|Publication number||US4552264 A|
|Application number||US 06/593,999|
|Publication date||Nov 12, 1985|
|Filing date||Mar 27, 1984|
|Priority date||Mar 27, 1984|
|Publication number||06593999, 593999, US 4552264 A, US 4552264A, US-A-4552264, US4552264 A, US4552264A|
|Inventors||Richard Quarrell, Paul A. Ranson|
|Original Assignee||General Mills Products Corp.|
|Export Citation||BiBTeX, EndNote, RefMan|
|Patent Citations (11), Non-Patent Citations (1), Referenced by (19), Classifications (8), Legal Events (11)|
|External Links: USPTO, USPTO Assignment, Espacenet|
This invention relates generally to jewelry containers, and pertains more particularly to a self-service container for individually displaying jewelry articles, such as necklaces, bracelets, bangles, finger rings, pairs of earrings and the like.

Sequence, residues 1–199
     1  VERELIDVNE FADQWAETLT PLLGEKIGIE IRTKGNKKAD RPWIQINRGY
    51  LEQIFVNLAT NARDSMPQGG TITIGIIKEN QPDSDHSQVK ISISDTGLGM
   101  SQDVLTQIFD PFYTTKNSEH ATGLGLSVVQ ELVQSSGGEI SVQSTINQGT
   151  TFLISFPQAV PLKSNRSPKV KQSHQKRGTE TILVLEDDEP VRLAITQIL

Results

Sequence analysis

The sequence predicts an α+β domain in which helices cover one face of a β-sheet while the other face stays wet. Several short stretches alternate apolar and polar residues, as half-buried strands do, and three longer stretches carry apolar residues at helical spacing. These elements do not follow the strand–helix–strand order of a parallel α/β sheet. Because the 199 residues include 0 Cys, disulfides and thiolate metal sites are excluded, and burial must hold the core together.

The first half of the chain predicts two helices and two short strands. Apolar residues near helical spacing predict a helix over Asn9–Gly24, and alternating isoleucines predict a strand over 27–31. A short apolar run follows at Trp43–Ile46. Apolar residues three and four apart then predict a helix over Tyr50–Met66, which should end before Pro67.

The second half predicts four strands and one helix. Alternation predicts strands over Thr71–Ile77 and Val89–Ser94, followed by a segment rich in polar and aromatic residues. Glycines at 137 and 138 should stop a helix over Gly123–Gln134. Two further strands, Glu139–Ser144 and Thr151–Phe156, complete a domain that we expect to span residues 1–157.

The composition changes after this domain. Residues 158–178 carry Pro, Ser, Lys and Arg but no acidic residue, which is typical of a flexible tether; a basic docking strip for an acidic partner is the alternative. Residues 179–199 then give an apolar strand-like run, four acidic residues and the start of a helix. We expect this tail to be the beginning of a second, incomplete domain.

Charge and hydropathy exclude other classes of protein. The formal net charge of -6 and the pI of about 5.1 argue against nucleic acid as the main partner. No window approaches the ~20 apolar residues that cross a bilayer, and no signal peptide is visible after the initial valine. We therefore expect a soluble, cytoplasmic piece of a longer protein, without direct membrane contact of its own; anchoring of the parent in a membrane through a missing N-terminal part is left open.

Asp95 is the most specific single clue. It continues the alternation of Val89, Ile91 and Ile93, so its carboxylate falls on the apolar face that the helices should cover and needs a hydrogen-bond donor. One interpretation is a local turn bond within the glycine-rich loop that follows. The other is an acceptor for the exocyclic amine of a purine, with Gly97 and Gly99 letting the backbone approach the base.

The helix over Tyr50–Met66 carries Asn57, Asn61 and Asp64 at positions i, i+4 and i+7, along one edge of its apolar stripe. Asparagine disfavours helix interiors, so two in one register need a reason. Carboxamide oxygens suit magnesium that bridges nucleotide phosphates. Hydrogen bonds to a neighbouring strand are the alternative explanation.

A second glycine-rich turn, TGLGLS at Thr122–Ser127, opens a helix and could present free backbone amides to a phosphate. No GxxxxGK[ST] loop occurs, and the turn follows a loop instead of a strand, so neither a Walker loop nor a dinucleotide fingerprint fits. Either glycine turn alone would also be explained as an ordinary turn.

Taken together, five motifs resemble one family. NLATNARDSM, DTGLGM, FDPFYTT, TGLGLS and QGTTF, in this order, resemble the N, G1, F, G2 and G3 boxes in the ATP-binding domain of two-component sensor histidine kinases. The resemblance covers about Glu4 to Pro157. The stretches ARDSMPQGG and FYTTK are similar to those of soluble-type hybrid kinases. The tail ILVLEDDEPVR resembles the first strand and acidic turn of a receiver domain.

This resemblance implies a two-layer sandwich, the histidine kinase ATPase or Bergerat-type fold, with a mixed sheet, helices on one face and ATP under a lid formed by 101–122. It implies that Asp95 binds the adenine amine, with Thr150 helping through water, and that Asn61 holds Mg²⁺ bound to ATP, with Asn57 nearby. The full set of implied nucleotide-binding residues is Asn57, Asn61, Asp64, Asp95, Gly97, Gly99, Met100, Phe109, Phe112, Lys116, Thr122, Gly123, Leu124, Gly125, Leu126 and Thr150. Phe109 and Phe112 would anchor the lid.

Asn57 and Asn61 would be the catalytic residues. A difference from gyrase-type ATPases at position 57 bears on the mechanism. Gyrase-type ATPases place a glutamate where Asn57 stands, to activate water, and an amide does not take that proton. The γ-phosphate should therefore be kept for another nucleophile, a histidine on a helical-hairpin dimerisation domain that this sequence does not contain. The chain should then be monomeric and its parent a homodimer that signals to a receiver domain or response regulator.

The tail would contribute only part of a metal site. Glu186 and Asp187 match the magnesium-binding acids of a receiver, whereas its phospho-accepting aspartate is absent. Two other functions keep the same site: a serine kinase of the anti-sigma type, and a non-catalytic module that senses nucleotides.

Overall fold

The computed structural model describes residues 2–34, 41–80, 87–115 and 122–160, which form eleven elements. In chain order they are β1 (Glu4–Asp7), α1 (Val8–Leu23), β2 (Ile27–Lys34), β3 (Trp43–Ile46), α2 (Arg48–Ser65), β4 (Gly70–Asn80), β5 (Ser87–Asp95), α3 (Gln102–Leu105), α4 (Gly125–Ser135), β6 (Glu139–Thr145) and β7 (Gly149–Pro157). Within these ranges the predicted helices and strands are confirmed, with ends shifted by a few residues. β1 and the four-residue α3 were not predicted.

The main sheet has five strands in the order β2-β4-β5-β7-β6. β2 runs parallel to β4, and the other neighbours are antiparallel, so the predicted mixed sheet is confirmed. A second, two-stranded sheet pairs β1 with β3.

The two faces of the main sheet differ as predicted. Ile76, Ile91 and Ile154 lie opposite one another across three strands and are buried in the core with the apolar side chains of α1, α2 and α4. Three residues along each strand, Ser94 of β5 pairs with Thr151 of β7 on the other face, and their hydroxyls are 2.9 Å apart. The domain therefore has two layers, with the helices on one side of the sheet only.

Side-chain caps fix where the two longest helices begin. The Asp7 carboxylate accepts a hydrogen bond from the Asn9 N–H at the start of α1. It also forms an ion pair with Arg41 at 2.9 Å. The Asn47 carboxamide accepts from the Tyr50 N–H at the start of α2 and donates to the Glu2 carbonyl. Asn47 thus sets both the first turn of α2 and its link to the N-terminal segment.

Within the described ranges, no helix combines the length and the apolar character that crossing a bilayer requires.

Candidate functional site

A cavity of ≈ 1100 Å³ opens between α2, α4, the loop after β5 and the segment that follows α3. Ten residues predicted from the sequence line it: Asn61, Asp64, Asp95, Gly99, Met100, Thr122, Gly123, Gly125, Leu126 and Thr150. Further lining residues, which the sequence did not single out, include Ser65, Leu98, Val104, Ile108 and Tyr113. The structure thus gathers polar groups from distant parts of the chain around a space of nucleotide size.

A specific object of the invention is to provide a jewelry container having a base, removable cover and pedestal, the invention providing means for automatically orienting the cover relative to the base and relative to the pedestal.
Another object of the invention is to display various kinds of jewelry on an individual basis and in a three dimensional manner.
Another object is to provide a jewelry container that will be aesthetically pleasing, yet not divert attention from the particular jewelry item being displayed. In this regard, an aim of the invention is to provide a container suitable for effectively displaying jewelry in stores, especially where self-service merchandising is employed.